From the castle car park, turn towards the village and immediately take a left-hand turn (opposite the castle entrance) for the 5-kilometer drive to Ardrahan, where you turn right on the N18 and, after 6 kilometers, left for the 2-kilometer drive to Thoor Ballylee. William Butler Yeats bought this 13th-century tower house and cottage in 1917 and it was his summer home for 11 years. The cozy, thatched cottage is now a bookshop. An audio-visual presentation tells of Yeats’s artistic and political achievements. Two floors of the tower are sparsely furnished as they were in his occupancy. By pressing a green button on each room’s wall you receive information and hear excerpts of his poetry. Leaving Thoor Ballylee, retrace your steps to the N18 for a 24-kilometer drive to Galway.
SIDE TRIP TO THE ARAN ISLANDS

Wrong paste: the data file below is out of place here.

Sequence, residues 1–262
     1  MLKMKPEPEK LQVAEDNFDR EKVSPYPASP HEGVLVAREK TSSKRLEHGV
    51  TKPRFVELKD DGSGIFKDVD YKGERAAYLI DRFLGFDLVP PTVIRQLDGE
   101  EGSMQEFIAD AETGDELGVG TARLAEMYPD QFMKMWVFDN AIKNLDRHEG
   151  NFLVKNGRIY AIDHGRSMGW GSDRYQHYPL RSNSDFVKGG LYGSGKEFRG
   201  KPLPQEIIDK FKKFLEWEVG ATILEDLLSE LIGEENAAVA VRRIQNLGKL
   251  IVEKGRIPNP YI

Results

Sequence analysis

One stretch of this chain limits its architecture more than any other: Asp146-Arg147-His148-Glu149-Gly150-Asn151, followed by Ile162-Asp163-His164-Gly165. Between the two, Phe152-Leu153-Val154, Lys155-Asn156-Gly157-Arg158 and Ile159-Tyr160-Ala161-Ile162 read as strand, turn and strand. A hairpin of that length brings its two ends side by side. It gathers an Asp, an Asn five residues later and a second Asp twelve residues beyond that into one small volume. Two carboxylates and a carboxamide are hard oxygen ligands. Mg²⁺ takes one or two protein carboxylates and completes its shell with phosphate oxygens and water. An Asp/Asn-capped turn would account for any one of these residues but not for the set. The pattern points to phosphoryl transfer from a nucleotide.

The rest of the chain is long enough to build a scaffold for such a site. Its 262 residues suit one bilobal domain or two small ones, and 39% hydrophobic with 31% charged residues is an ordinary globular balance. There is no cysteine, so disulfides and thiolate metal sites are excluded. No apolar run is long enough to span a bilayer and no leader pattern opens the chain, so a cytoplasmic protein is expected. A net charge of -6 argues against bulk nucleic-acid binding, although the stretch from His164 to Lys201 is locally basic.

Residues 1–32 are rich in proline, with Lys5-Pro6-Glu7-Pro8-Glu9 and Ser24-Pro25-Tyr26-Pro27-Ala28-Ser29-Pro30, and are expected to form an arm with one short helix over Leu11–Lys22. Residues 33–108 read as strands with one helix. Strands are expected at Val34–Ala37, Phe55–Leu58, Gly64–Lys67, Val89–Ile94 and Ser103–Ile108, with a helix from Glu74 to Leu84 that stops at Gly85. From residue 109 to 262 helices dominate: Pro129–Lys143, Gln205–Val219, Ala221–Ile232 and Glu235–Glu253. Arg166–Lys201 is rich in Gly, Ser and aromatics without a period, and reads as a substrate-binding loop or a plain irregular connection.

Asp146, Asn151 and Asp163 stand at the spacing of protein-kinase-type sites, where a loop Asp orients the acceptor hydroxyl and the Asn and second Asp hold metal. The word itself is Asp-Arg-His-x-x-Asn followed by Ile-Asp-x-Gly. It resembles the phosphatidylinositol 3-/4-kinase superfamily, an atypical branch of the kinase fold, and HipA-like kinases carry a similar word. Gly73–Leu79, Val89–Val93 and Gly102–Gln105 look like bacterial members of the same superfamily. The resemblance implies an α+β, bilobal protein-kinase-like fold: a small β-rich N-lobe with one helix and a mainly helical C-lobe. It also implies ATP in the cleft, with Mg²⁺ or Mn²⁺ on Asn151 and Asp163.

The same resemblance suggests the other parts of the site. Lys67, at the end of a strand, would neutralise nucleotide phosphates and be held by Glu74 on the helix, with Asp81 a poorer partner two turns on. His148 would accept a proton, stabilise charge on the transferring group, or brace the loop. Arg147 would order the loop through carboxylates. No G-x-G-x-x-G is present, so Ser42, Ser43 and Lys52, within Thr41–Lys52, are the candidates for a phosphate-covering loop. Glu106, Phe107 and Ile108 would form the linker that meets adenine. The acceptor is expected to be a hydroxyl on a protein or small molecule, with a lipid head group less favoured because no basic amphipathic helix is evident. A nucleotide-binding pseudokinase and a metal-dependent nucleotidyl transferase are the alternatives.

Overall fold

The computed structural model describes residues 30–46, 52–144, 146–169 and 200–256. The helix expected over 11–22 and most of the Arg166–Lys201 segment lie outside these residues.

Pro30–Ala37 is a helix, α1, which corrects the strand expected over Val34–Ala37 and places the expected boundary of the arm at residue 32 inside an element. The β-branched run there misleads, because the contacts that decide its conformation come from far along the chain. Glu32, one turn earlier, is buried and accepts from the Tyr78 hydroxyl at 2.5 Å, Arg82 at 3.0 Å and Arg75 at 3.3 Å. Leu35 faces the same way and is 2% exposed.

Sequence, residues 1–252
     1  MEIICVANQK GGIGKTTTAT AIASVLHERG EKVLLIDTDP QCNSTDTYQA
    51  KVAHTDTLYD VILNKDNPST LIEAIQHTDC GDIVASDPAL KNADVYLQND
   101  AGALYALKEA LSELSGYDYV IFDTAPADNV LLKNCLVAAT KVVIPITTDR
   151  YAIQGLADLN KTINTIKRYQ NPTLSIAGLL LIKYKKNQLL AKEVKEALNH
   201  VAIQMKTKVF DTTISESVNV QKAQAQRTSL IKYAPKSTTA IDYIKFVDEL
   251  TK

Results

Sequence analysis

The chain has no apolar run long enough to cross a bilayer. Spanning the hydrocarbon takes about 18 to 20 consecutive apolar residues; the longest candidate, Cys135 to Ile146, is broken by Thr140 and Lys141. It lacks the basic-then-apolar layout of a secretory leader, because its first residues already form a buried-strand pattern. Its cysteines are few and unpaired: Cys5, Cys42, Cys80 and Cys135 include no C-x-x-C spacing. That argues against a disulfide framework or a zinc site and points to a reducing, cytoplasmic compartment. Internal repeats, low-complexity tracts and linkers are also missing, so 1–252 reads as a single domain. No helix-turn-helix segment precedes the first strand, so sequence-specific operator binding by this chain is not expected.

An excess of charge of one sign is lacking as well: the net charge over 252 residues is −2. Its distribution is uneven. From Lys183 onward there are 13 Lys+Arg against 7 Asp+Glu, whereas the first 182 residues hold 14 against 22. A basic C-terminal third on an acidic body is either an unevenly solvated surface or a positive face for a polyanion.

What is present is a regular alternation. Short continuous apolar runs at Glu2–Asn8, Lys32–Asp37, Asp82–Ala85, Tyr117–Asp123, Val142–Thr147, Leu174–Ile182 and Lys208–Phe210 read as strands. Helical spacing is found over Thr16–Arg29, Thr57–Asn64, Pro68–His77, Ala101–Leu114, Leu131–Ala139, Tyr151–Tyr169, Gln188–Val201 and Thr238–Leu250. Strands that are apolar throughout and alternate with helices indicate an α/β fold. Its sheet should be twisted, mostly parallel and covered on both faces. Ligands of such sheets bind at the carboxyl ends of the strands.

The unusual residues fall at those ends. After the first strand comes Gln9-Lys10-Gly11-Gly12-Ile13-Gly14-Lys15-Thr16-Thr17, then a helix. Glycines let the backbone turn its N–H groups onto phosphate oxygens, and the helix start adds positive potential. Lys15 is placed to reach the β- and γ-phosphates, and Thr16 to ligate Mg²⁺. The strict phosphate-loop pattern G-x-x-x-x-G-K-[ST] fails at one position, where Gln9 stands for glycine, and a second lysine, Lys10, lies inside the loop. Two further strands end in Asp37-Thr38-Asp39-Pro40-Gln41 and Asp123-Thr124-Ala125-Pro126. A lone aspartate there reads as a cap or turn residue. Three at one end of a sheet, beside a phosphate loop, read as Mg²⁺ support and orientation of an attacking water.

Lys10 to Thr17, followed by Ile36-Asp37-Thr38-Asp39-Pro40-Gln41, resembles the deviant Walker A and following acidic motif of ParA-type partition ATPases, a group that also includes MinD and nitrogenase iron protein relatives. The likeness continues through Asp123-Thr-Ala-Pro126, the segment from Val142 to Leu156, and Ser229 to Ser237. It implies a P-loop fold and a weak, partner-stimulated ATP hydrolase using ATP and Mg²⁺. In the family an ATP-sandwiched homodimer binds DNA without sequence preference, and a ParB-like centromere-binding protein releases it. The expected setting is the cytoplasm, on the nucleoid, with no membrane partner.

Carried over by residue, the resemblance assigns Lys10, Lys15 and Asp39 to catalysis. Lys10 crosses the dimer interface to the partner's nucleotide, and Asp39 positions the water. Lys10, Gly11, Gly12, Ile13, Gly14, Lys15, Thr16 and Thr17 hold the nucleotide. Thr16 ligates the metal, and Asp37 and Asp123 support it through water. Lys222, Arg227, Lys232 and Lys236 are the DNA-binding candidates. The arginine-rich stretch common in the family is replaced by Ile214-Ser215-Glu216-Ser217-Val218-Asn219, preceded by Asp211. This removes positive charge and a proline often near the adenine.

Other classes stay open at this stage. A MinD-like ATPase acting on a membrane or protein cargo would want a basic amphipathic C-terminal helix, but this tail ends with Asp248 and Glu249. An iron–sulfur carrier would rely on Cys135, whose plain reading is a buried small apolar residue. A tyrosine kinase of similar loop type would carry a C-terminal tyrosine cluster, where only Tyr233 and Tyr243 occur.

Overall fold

If you are planning to visit the Aran Islands, take the coastal route through Spiddal to Rosaveel where two ferry companies operate a shuttle service to Kilronan on Inishmore, the largest of the three Aran Islands. Until a decade or so ago, time had stood still here and the way of life and the culture of the islanders had changed little. Now their traditional dress comes out only for TV cameras and special occasions, and their traditional way of life has been replaced by a more profitable one-tourism. In the summertime, more than double the population of the islands arrives on Inishmore as day-trippers. When you arrive, visit the Tourist Information Centre by the harbor to discuss the cost of horse and trap, bicycle (there are plenty of shops where you can rent bikes), and minibus transportation. The barren landscape is closely related to that of The Burren: sheer cliffs plunge into the pounding Atlantic Ocean along the southern coast, while the north coast flattens out with shallow, rock-ringed, sandy beaches. You will have no difficulty obtaining transportation to Dun Aengus Fort (about 8 kilometers from the harbor), which is the best known of the island’s stone forts, believed to date from the early Celtic period some two to three thousand years ago. It has sheer cliffs at its back and is surrounded by pointed boulders designed to twist ankles and skin shins. Despite the hordes of visitors scrambling over its walls and stones, Dún Aengus is remarkably well preserved. With four stone forts, remains of stone huts, high crosses, and ruined churches to examine, the archaeologically minded could spend many days with detailed map in hand exploring the islands.